6. Tech Skills

In the business world today, it is impossible to be tech savvy — and this goes for even traditional industries. At a minimum, your executive assistant should be proficient at using the leading tools and software for project management, workplace communication, event planning, and storing contact information. If you need to use any software the assistant is not already familiar with, your executive assistant should be able to quickly learn how to use the tool.

7. Passion for Learning

Ideally, your executive assistant should be passionate about learning much more than just tech. A commitment to picking up new skills and refining current ones will enable your executive assistant to keep up with your changing needs and support you over the long term.

 

8. Positivity

You’ll have a much better experience if your executive assistant exudes positive energy. This is important because the positivity will have an effect not just on you but on everyone else around. Other professionals will feel welcomed and optimistic, which makes them more likely to be creative, productive, and innovative.

The top executive assistants are able to maintain their positivity even when times are tough. This is critical because work as an executive can often be stressful, even when you have the best support. Executive assistants who keep their cool can make a huge difference when there are serious problems to solve or tight deadlines to meet.

9. Diplomacy

The best executive assistants don’t just support you through the tough times: they take an active role at managing your problems. They are exceptional negotiators and know how to deal with the most challenging situations in a diplomatic way to keep everyone happy. Most importantly, though, they use their negotiation skills to help their executives get what they want.

10. Teamwork Skills

You need an executive assistant who is able to collaborate with you and others at your company on a variety of tasks. This requires great teamwork skills, including knowledge of how to coordinate different personalities and the skills to see results when working with new people.

11. Initiative

Similarly, you need an executive assistant who is able to work alone without much guidance. If your assistant is asking questions all the time, you’ll get barely any more done than you did before.

12. Critical Thinking

Whether working in a team or alone, your executive assistant should demonstrate excellent critical thinking skills. This could mean anticipating an issue before it happens and taking steps to prevent problems. An executive assistant should be flexible and be able to come up with creative solutions. The best assistants of all are able to think fast to cope with any issues that crop up and have the skills to develop strategies to execute long-term projects.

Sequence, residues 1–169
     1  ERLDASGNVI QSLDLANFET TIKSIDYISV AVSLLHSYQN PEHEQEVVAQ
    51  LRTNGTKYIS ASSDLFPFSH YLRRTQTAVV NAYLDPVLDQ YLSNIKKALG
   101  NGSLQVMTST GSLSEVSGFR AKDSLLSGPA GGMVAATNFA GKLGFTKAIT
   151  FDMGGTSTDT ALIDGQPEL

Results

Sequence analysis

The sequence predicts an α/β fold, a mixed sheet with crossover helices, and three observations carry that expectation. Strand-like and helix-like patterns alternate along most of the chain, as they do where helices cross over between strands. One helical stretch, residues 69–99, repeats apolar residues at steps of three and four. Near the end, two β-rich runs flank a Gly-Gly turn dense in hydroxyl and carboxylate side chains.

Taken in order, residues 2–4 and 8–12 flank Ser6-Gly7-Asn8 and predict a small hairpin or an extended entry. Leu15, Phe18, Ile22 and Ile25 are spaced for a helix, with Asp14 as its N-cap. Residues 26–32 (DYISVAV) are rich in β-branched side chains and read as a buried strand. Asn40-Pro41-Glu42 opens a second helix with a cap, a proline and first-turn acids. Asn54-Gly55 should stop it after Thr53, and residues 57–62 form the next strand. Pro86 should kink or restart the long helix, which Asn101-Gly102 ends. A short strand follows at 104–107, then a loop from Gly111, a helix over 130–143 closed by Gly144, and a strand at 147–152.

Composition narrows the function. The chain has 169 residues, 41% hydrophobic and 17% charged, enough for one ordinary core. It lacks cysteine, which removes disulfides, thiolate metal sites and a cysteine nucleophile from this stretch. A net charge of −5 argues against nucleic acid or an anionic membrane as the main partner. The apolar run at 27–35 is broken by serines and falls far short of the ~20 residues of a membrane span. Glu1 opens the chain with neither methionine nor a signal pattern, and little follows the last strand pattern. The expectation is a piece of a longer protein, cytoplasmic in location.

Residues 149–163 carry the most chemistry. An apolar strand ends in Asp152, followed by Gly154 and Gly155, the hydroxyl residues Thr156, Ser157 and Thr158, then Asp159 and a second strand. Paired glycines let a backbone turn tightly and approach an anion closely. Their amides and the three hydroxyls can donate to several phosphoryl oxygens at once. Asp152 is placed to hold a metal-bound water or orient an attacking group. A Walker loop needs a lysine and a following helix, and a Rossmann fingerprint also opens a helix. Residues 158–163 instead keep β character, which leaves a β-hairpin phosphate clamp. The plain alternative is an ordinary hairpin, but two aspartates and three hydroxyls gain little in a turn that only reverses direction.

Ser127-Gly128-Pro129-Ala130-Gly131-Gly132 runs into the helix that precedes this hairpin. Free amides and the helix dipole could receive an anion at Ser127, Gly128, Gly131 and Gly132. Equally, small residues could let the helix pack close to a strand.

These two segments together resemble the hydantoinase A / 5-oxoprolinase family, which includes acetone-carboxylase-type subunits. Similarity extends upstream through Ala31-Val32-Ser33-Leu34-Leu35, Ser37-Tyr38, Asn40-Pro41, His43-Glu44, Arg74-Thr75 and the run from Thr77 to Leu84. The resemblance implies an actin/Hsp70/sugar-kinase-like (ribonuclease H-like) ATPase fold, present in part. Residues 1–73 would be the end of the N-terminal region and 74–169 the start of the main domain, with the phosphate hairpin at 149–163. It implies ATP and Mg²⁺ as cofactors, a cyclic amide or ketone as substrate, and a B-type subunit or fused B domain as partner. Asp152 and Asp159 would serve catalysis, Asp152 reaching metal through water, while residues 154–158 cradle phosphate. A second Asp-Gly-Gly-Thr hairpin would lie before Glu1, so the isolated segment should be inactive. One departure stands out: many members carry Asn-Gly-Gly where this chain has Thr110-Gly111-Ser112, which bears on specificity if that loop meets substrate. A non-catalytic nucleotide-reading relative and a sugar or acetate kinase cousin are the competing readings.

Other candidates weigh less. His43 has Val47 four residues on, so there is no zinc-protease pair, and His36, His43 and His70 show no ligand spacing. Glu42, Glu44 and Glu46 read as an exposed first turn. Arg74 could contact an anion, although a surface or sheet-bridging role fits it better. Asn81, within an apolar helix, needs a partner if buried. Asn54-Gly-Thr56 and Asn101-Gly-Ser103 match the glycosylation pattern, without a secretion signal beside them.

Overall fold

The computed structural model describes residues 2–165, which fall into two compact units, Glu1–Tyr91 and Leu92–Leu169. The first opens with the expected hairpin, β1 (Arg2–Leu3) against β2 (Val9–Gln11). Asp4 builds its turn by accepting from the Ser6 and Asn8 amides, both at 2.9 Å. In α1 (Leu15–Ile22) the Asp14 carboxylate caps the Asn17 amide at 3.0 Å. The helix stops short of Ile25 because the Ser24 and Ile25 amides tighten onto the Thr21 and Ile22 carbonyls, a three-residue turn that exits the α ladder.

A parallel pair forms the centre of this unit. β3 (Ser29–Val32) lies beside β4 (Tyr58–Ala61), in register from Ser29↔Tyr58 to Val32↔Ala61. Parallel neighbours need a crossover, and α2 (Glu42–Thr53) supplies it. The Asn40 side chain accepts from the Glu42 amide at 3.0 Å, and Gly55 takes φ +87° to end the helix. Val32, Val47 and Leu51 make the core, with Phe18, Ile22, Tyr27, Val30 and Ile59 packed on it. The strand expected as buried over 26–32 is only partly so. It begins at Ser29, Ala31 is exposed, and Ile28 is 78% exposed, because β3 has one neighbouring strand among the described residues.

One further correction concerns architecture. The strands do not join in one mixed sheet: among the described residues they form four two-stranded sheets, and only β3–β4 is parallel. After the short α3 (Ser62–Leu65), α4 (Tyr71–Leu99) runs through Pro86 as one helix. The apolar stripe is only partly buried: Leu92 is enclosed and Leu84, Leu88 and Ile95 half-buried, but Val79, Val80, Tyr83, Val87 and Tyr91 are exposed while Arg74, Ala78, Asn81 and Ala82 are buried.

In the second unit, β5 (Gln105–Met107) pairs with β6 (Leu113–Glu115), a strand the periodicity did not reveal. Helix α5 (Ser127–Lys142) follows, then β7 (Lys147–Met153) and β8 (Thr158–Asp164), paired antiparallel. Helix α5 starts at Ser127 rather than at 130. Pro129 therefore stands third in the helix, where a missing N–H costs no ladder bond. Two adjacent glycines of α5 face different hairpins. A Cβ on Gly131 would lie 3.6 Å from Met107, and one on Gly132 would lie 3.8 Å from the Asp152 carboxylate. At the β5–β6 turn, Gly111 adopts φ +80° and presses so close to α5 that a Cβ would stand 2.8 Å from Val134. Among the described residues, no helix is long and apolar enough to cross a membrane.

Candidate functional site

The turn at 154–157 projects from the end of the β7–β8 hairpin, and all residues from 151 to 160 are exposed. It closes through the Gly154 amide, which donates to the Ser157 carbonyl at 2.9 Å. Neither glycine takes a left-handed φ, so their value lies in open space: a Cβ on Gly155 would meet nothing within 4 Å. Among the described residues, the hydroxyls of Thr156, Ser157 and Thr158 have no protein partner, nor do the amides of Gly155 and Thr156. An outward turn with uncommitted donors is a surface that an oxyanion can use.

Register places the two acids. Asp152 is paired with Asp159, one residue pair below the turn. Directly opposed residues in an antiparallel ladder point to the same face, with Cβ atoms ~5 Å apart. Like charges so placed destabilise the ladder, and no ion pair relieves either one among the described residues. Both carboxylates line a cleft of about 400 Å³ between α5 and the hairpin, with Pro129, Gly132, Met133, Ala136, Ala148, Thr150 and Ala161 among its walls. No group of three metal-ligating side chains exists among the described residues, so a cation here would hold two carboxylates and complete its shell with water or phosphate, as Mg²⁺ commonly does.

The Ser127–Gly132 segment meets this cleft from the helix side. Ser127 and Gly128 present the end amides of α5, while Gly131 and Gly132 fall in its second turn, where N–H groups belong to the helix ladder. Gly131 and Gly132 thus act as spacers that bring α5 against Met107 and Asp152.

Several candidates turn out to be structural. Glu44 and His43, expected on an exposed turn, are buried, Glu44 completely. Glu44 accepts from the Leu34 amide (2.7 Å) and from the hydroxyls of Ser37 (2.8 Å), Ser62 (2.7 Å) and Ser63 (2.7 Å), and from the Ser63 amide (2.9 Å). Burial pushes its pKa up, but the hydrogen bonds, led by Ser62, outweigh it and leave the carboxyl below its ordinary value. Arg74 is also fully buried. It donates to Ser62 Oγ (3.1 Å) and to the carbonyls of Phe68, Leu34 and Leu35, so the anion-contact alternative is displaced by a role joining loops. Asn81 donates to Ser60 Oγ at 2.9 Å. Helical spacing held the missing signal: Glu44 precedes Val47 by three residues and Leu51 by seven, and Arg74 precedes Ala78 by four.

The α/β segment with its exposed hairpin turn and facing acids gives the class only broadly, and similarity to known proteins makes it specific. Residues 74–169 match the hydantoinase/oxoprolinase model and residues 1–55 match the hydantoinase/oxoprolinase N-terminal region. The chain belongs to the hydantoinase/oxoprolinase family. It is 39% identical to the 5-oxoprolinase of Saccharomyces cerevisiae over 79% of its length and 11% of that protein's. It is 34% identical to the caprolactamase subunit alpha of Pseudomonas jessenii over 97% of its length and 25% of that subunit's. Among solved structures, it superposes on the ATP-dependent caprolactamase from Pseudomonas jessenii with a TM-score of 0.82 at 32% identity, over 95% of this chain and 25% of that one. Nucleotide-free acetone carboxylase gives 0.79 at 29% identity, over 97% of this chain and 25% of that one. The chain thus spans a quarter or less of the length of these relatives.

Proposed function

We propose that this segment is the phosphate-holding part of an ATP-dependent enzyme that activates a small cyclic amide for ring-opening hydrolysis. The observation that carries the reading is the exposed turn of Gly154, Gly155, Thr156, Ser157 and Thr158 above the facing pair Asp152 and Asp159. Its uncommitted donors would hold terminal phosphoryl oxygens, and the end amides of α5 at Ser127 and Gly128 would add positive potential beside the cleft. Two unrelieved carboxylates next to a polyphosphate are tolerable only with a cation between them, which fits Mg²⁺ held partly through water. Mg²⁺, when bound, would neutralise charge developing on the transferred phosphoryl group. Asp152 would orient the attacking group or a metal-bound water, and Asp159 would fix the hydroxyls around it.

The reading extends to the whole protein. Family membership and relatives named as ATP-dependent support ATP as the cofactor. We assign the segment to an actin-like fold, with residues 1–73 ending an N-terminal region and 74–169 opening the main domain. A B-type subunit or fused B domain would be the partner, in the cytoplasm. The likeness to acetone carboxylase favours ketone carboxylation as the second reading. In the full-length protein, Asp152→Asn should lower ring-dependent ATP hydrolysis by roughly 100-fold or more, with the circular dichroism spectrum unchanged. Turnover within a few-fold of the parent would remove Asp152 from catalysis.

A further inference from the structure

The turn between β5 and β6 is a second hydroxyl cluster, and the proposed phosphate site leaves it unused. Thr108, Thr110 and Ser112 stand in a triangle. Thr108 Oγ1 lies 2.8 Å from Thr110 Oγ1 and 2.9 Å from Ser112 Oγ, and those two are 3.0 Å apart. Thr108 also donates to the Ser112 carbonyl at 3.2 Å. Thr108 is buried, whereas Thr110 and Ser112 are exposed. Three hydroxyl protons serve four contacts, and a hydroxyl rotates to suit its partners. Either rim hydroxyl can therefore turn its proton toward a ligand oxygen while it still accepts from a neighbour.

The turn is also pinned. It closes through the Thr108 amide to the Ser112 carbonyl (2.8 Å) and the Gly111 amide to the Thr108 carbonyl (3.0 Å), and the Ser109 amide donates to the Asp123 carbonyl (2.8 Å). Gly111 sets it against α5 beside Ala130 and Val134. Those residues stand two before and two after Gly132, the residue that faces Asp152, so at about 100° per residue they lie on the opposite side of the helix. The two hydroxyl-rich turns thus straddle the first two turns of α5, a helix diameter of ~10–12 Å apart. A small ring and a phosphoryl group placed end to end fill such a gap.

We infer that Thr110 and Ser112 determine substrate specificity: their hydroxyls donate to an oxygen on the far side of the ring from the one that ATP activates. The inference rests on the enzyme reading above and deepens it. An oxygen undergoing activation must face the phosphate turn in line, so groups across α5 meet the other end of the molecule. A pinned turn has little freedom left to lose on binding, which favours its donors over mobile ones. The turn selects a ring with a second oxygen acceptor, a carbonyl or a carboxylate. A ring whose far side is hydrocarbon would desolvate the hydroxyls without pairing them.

13. Networking Skills

Although your executive assistant will mainly carry out routine tasks, there will always be some surprises. For instance, you may need to gain contact with someone in another organization, acquire tickets to an exclusive event, be one of the first people to try out a new service, or do something else that’s not readily available to the general public. This requires your executive assistant to network.

Bear in mind that just opening accounts on many social media platforms and websites is never enough. Your executive assistant needs to be active — always forming connections and developing relationships to the point that he or she can ask for favors and receive referrals. This requires time, effort, and — above all — skill.

Remote Executive Assistant

In the past, executive assistants would also work with their employers at the office. Today, with more people working from home, it has become popular to hire a remote executive assistant. The advantages of this include that the executive assistant can work a flexible schedule, there’s no need to provide office space for your assistant, and you can even hire someone from abroad to reduce costs.

You also have the chance to go a step further and contract a virtual executive assistant from MYVA360. Rather than hiring someone to work for you full time, you can request just the hours you need. Plus, you’ll eliminate the time-consuming hiring process: we’ll match you with someone who has the exact executive assistant skills you need. Best of all, if your executive is ever unavailable (such as for illness or vacation), we’ll pair you with someone else, meaning you’ll never fall behind with your work.

Request your free trial to experience a full workday with a virtual executive assistant.